Four Ways to Create an Excellent Virtual Experience for Clients

Gary Weinlein, CLU, ChFC, BFA™, Practice Consulting, Regional Director
April 9, 2019

It seems today that consumers crave convenience now more than ever. Think about how Amazon Prime has changed how we shop. From electronics to dog food, there is almost no limit to what is available with a couple clicks of the mouse, delivered right to my door, usually by the next day. Think about how Netflix has changed how we consume entertainment. Not only do we no longer go to a brick-and-mortar store to purchase or rent a movie for the weekend, we also don’t have to wait a week to watch the next episode of our favorite shows—not to mention the lack of commercials.

Given this desire for convenience, isn’t it reasonable to assume that you may have clients wishing to forgo the trip to your office (and the coordination of schedules, parking, etc.) if you gave them an alternative option? If your client values time and convenience as a high priority, adding the option to let your clients virtually come to the office for their review meeting enhances the services you’re able to deliver and could very well enhance the client experience itself.

Creating a Virtual Client Experience

As Regional Director, I regularly use conference and video technologies on both a one-on-one basis and one-on-many basis for the study groups I facilitate. Below are a few best practices that I go through on most meetings that will translate to working with your clients and providing a great experience.

1.    Send out an agenda and accompanying material. I always try to send out an agenda for the meeting either the morning of or day before. While I believe an agenda should be an important part of every meeting, an agenda in a virtual meeting is especially important for setting the right tone to the meetings and staying on task.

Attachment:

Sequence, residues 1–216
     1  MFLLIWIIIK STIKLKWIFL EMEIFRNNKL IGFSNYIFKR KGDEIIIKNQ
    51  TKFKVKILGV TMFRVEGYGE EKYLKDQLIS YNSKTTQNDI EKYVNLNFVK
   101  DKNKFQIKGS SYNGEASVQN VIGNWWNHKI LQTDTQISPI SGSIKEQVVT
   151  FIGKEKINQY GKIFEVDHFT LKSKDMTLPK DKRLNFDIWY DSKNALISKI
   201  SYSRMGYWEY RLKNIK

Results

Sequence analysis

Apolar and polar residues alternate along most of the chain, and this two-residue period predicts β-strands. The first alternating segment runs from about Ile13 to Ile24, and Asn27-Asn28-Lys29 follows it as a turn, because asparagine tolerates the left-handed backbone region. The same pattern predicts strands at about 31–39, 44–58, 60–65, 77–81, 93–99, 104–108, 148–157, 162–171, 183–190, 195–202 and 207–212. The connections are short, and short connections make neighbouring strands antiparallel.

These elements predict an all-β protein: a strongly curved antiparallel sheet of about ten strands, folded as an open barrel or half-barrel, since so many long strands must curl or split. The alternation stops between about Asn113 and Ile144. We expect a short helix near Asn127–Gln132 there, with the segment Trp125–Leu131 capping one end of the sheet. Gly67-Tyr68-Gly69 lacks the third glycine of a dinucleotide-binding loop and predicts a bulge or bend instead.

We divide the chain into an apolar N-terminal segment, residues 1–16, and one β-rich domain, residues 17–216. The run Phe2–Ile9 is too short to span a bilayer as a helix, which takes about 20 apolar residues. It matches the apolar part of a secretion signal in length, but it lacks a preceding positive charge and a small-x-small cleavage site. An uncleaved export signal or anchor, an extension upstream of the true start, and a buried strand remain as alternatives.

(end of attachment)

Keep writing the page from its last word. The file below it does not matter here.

2.    Utilize screen share. Every broker/dealer has different rules regarding video conferencing technology, but most are okay with allowing an advisor to share their screen. Screen sharing avoids the confusion that might arise from either side not being on the same page (literally) or focusing on the wrong line, chart, number, etc., situations that can take several minutes to get back on track from and can derail much of the momentum built up to that point. Sharing your screen can also focus your audience on exactly where you want them to bring their attention. If we are working through a report or a plan, I would have generally emailed them a copy of that with the agenda I had sent earlier that morning or the prior day.

3.    Turn the camera on. I know many of us are camera shy, including myself. However, being able to see each other brings a connection to the table that would otherwise be lacking. I never make it mandatory to meet with camera on. I often just turn mine on and the other party reciprocates. Even if they do not reciprocate, there still is a benefit to having the camera on. Your audience experiences the face-to-face connection they seek in working with an advisor (even if you’re not). Being on camera also forces you to be more focused. No checking the phone, getting distracted by an email or other temptations that are present in a conference call where neither party can see each other.

4.    Practice. Don’t let the first time you implement a videoconference meeting be because your best client has retired and moved 1500 miles away. You want to be a pro when that situation arises. In some of my study groups, advisors have taken turns hosting the meeting on their conference calling software to get used to it. Most software options offer either a free trial or a free version so the upfront investment in most cases is literally nothing. Even if you do opt for the paid version, compared to other current technology platforms, this one is inexpensive by comparison. I pay for the professional version of Zoom, which is about $16 per month, and in my experience, most options are somewhere in that same ballpark.

As I travel around the country visiting advisors, I often notice other airline passengers waiting for their flights while talking to loved ones through video chat. Just as often as I see the high-tech teenagers on their newest iPhone, I also see grandparents talking to the grandkids this way. This is a technology that’s here to stay, and it has the potential to add a ton of value to client relationships through the convenience it can add to them. Consider adding this capability to your practice to improve the value you deliver to your clients.

Wealthscape Investor

Wealthscape offers a single point of access to your brokerage account information. Contact your financial advisor for information on signing up for Wealthscape. For accounts held directly at a fund company, you may also visit the fund company's website for access to your accounts.